State regulators have signed off on three renewable energy projects in in Ohio while turning down a wind project that was widely opposed by local governments where the project was going to be built.
The Ohio Power Siting Board on Thursday approved the 80-megawatt Angelina Solar Project and the 69.9-megawatt Alamo Solar Project. Both projects are in Preble County near the Indiana state line.
The Angelina project will take up to 827 acres of a 934-acre project area while the Alamo project will occupy up to 919 acres within a 1,003-acre project.
Both solar energy projects will consist of large arrays of solar panels and associated facilities including access roads, weather stations, buried electrical collection lines and project substations.
The board approved development of the Emerson Creek wind farm in Erie and Huron counties in northern Ohio with conditions.
The wind farm will be up to 297 megawatts. The board modified the agreement to remove eight turbines over concerns about potential damage to groundwater.
The modified deal requires the developer to adhere to 44 conditions designed to mitigate impact of the project during construction and operation. Conditions include, among other things, measures to limit the effect to bird and bat populations and include ongoing post-construction wildlife monitoring.
The developer of the project, Firelands Wind, says some of the power to be generated by the wind farm will go toward running the Google data center being developed in New Albany.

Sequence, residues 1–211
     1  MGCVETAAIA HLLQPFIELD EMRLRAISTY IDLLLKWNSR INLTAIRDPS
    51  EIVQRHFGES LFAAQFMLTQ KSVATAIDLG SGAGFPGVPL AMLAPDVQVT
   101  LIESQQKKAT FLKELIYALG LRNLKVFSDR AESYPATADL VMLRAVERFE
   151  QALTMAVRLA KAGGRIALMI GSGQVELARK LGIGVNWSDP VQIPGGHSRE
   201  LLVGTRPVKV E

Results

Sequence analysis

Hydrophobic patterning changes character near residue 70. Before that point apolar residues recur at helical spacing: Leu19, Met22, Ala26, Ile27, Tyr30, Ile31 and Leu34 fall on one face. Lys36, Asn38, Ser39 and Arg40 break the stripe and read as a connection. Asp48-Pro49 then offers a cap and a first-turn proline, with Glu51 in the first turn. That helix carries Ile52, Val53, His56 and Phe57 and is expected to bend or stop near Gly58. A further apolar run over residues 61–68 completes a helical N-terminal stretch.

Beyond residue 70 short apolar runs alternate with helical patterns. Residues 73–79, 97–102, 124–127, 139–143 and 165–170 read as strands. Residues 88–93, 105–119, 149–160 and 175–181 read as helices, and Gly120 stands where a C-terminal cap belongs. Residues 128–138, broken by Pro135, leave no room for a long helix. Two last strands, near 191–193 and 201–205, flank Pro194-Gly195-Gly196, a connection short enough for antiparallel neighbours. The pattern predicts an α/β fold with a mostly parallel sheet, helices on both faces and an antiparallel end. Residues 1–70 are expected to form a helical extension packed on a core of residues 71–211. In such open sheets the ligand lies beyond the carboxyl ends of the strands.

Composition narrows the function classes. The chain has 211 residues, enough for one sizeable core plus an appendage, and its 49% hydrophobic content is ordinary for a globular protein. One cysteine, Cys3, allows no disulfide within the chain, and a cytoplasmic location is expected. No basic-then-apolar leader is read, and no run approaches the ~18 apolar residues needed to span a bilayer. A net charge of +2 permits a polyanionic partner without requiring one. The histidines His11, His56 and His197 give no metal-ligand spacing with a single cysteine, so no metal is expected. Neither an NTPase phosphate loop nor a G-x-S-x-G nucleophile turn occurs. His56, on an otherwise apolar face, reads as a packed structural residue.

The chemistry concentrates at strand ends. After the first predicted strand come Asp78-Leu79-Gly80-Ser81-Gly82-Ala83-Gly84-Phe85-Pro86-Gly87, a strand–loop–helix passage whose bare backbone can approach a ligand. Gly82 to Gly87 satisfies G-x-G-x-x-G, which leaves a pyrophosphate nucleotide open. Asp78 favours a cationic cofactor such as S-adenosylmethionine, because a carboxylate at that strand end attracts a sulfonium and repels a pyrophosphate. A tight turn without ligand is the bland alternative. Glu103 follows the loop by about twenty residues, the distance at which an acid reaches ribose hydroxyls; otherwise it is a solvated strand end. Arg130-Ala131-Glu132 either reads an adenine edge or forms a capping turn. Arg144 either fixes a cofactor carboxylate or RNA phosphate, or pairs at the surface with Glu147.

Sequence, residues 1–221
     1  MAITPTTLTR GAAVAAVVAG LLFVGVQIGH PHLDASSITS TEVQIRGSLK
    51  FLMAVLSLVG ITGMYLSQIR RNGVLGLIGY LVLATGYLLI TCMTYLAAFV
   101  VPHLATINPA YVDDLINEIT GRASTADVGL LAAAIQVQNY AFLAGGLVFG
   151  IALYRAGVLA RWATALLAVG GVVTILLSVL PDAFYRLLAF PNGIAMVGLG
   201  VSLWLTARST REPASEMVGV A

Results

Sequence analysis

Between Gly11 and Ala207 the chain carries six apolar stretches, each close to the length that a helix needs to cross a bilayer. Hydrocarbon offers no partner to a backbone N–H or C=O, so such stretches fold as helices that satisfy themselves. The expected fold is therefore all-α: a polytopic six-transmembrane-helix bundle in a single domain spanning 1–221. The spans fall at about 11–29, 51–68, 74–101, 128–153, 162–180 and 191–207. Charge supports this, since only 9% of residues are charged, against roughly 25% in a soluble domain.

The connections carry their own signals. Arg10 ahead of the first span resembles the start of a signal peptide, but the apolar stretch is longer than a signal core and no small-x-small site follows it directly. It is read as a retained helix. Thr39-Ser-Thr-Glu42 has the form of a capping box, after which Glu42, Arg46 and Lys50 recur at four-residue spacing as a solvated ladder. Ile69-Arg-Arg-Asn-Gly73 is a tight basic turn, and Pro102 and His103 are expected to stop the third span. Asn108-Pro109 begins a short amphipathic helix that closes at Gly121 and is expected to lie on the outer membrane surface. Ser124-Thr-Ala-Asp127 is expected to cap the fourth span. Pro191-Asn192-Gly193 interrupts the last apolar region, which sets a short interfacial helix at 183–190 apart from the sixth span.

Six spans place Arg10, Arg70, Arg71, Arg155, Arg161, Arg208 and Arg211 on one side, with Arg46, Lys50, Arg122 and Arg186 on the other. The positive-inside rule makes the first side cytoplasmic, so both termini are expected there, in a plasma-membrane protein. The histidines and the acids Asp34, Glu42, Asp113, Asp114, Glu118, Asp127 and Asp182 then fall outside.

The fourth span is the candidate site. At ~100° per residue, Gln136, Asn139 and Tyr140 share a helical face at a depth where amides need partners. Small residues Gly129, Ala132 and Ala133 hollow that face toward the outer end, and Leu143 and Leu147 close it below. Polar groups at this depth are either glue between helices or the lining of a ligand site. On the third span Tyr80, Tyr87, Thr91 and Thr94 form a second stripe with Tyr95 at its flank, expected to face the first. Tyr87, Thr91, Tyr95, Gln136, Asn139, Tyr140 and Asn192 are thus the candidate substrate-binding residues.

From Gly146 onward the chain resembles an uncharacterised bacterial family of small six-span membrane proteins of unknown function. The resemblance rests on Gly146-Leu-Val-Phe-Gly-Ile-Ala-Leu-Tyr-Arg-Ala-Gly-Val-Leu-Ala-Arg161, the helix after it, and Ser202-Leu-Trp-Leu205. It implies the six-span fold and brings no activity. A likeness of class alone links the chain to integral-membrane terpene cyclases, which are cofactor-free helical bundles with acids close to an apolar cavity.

The board denied an application from Republic Wind to build a 200-megawatt wind farm in Sandusky and Seneca counties in northwest Ohio.
“It is very important that we at the Power Siting Board take input from local residents and governments seriously,” Jenifer French, the board’s chairwoman, said in a statement. “The facts in this case, including substantial local government opposition, lead me to believe that, overall, this project is not in the public interest.”
The project would have been built over unique karst geologic terrain, according to the board.
Karst can often result in sinkholes, caves, and underground streams replenished by rainwater that wear away the rock and eventually returns to the surface. Most residents in the project area rely on private wells for drinking water, and the evidence suggests that disruptions to karst formations have the potential to quickly, and detrimentally, affect those wells, the board said.
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